We are searching data for your request:
Upon completion, a link will appear to access the found materials.
I have three kids and one on the way, and so far each of my “birth plans” have been exactly the same: Give me all the drugs.
See, I’ve never had any desire to experience what transition feels like. Or the dreaded “ring of fire.” Or the overall sensation of a human exiting my birth canal. Nope. Hard pass for me. Numb me up so I can get through the experience with as little pain as possible.
And so, each time I’ve been in labor, I’ve enthusiastically embraced having a large needle inserted into my spine. After the numbness took effect, I was able to nap and just let my body do its thing. Because I could relax, I was able to fully dilate at a fairly quick pace – all while feeling nothing.
Granted, having a epidural didn’t come without side effects. My already low blood pressure would plummet, setting off the alarms, and a nurse would come in to reposition me. Each time, I would get queasy and vomit.
But when it was time to push, I felt a ton of pressure – and that’s about it. I didn’t feel everything down there stretching to its limit. I didn’t feel my doctor giving me an episiotomy, or stitching me up afterward. I didn’t even feel the afterbirth being delivered.
Now that I’m past the halfway point of my current pregnancy with baby number four, I have an inexplicable desire to attempt this whole childbirth business sans medication. I guess I feel like it’s my last chance at bringing a baby into the world “as nature intended.” (Whatever that means.)
Maybe I just want to prove to myself that I can make it all the way on my own. Not having an epidural on my hospital bill doesn’t sound too bad, either.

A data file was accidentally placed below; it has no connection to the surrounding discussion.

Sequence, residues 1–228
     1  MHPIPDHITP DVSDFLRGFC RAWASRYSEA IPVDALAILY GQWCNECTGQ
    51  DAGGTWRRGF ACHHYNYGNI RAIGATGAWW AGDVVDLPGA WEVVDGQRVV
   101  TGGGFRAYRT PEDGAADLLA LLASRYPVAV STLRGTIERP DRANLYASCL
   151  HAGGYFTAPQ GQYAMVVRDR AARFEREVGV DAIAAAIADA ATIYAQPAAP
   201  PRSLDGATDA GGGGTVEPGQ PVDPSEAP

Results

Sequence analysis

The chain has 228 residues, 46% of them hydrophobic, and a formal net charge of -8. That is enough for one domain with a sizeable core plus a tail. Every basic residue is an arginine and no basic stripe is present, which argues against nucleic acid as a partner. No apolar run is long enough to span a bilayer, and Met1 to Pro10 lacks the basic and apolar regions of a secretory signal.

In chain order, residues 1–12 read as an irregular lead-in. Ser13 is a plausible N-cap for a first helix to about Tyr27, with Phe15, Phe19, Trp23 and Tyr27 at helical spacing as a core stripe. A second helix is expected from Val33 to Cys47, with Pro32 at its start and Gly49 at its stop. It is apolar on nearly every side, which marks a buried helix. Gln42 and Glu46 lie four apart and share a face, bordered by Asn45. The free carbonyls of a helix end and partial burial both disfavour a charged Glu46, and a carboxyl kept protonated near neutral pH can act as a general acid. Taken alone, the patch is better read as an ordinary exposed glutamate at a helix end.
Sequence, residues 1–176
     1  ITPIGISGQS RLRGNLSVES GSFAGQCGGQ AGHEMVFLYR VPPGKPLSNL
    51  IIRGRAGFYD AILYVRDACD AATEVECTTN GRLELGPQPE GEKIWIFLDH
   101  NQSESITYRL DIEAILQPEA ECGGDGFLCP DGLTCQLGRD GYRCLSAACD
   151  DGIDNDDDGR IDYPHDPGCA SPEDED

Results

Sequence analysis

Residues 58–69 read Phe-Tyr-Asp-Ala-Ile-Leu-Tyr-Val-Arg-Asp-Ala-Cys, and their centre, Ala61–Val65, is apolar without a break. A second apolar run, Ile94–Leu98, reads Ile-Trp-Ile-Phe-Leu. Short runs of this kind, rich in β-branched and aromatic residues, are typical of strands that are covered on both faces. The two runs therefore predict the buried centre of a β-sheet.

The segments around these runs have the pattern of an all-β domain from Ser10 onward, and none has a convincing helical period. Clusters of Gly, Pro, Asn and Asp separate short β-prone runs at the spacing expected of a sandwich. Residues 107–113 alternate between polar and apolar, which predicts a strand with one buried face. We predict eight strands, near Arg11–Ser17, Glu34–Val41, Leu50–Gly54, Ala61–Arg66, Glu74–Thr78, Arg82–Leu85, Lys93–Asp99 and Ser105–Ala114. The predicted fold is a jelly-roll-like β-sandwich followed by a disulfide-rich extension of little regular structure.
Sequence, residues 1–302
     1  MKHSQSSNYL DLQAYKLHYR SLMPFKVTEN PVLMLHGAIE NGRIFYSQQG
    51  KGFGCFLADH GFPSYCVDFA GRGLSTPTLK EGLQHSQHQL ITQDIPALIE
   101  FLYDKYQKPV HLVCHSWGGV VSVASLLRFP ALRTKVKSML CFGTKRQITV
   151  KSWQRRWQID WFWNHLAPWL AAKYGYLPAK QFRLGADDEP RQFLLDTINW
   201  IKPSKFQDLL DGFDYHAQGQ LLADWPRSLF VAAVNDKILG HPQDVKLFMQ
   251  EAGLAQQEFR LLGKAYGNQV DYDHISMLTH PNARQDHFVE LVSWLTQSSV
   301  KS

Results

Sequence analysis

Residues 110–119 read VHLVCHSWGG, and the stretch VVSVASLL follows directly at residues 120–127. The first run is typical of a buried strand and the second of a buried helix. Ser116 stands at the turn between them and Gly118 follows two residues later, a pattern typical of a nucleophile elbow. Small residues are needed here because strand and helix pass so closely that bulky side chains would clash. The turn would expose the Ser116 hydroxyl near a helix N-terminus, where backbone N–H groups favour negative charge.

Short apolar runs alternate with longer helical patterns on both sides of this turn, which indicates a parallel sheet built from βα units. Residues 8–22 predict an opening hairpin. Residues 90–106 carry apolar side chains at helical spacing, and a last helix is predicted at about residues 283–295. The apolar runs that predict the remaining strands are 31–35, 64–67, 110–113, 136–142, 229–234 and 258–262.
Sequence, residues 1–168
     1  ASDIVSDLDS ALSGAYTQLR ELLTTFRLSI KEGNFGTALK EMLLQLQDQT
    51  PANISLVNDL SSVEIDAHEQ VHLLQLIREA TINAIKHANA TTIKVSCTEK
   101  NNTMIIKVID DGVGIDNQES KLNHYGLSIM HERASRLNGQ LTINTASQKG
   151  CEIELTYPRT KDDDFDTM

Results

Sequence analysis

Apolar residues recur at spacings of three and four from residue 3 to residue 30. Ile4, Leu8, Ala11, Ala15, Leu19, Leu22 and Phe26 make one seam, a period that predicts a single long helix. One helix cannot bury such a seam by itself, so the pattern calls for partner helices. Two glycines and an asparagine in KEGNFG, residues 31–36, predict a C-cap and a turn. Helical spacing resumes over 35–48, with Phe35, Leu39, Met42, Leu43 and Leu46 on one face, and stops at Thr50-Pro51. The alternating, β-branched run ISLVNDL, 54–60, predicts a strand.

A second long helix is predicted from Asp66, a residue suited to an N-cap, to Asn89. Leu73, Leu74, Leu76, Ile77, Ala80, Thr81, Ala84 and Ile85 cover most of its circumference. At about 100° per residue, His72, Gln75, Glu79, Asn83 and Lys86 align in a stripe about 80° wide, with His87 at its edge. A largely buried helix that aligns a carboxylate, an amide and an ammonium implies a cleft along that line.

But it seems weird, doesn’t it? After three pain-free deliveries, who would willingly put themselves through that?
Plenty of women. Mom of five Courtney Bingham’s first experiences with childbirth included a hospital setting with an epidural. But she delivered her third and fourth children at home – which meant no epidural.
“At one point during transition I heard an ambulance go by and I thought, ‘Take me with you!’ But it was brief and then it was over,” Bingham remembers, while also noting, “My recovery without an epidural was so, so much better."
Bingham wound up having a hospital birth for her fifth baby, and she thinks the difference boils down to a pick-your-poison choice: more pain during the birth, or more pain after?
“Honestly, it hurts so bad. It's brief, though. And I felt much better afterward. The recovery was amazing: My first baby to not have jaundice! She was totally calm. And I got in the shower and when I got out my midwife had made me a grilled cheese, washed my laundry, and made my bed.”
Another mom who has experienced childbirth both with and without pain medication seemed to share Bingham’s sentiments on recovery time.
“I had epidural with my first 6 girls, then finally switched to a midwife and was able to do natural with #7.” she wrote in the our site Community. “Not to say it was easy because it definitely was not (she was a 2-hour labor from start to finish) but by far was my easiest recovery, no side effects, no cloudiness, up and moving immediately."
"As long as you put your mind to something you can do it. Make sure everyone involved knows your plan and that you need help sticking to it and advocating for you, because in the middle of it all, it's hard to advocate for yourself," she advises those who would follow in her footsteps.
I haven’t made any definite decisions yet. But I’m leaning toward seeing how far I can go without an epidural – and staying open to one if I decide I’ve had enough. Either way, our three children will be welcoming a baby sister after the first of the year, and we couldn’t be more excited to meet her.
Opinions expressed by parent contributors are their own.